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Benzinga Radio: Who Will Win the Battle for Germany's Energy Gap?

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I spoke with Peter Zeihan, Vice President of Analysis at the global intelligence company STRATFOR, regarding Germany's ban of nuclear power plants which was instituted last week. Besides presenting a major opportunity for several of the world's largest energy suppliers (the specifics of which are discussed below and in the podcast), Germany's newfound lack of energy sovereignty has some very interesting geopolitical implications.

There are now several factions vying for the German energy market. France, Europe's most prominent supporter of nuclear power, has increased power production in its existing reactors to send to Germany, and has plans to construct several more. The French are eager to do this because they need Germany to see them as valuable. Zeihan: “The French fear is that, should the Germans get so powerful economically that they don't feel that they need France anymore, they will start going in their own direction politically and militarily and that has always ended badly for the French.” It will take time for France to increase its nuclear power capacity, however, and that opens up a window that can be taken advantage of by other energy interests in the region.

With its hefty coal reserves, Poland is in a position to do just that. New coal-fired power plants are cheap and can constructed very quickly which makes Polish coal a viable short-term option for Germany, despite its environmental drawbacks. Poland's newly-discovered natural gas reserves could play a role in the region's energy market as well. The Saudi oil minister Ali Naimi visited the country last week, referring to shale gas reserves in Poland as an “energy game-changer.”

But the real dealbreaker in this situation is Russia, which has just finished construction of a massive natural gas pipeline called Nordstream. Nordstream cuts across the Baltic Sea, ending in the German city of Griefswald. With the ability to move 55 billion cubic meters of natural gas per year, Nordstream could potentially fill over half of Germany's energy gap – a conclusion that the Russians will be willing to throw their weight around to ensure. Zeihan:

“Russia's goal here is simply to get a partnership with the Germans, because if you can have the Germans and the Russians reading from the same book, a lot of the problems that the Russians are facing disappear. Germany is already the largest investor in Russia, Germany has traditionally been the counterweight in Europe that destroys Russian plans, and if you have the Germans and the Russians cooperating, it limits the Americans' ability to penetrate, it neutralizes Poland, it takes France off the table and makes all of continental Europe neutral vs. potentially anti-Russian.”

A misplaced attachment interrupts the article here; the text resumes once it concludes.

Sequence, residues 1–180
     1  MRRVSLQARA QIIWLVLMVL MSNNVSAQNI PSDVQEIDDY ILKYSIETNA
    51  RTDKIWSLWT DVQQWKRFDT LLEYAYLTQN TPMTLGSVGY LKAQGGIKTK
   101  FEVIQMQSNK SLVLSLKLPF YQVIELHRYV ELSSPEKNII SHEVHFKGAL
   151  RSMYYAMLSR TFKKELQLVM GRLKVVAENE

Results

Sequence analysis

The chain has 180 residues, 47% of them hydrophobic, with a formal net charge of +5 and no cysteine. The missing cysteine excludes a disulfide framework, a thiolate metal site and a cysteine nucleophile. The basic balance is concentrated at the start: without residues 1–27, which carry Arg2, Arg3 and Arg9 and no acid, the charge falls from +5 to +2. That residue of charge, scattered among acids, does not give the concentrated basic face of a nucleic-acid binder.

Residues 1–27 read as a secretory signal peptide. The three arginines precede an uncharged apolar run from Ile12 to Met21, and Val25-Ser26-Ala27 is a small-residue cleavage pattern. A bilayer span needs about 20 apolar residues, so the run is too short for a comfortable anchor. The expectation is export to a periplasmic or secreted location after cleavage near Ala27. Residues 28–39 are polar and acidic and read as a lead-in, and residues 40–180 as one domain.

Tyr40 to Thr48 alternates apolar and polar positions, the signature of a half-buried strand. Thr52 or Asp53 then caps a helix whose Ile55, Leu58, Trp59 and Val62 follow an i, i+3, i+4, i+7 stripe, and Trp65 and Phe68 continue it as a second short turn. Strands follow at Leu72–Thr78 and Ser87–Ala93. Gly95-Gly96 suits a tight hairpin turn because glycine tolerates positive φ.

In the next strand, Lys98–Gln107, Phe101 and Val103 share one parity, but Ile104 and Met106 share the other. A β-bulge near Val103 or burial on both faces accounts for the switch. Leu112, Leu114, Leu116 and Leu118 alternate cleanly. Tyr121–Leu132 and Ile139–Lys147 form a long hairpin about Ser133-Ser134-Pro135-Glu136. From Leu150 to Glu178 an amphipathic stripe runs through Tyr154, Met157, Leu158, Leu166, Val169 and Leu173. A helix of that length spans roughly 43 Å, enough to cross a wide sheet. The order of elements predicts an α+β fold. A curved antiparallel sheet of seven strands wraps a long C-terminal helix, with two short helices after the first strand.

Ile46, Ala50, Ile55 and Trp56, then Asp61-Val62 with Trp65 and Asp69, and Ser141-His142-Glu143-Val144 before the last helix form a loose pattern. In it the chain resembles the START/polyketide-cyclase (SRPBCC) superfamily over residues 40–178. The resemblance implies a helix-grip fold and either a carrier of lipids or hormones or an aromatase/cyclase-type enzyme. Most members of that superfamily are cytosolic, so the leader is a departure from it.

In other words, Russia is making a major play for power with Nordstream, one that could change the larger political dynamic in Europe significantly. What are the Americans going to do about it? According to Zeihan, the US will likely back energy interests in Poland and France in order to make them more attractive to German interests.

While you're watching France, Poland, Russia, and the various other factions with vested interests compete for Germany's energy market, you might as well capitalize on the situation by making some relevant energy investments. Zeihan mentions France's dominant power company Électricité de France (EDF), and Ariba as companies to watch, along with Chesapeake energy and Exxon-Mobil which are already penetrating Poland's natural gas reserves. Check out my interview with Andreas Franke of Platts for discussion of other companies that stand to benefit from Germany's nuclear ban. Download the full interview with Peter Zeihan below to get the all the details of our discussion.

STRATFOR's Germany page

Be sure to check out the audio of the interview in its entirety: Who Will Win the Battle for Germany's Energy Gap?

Subscribe to the Benzinga Strategies podcast feed in iTunes: Benzinga Strategies

Follow us on Twitter: @lukelavanway @benzingaradio @benzinga

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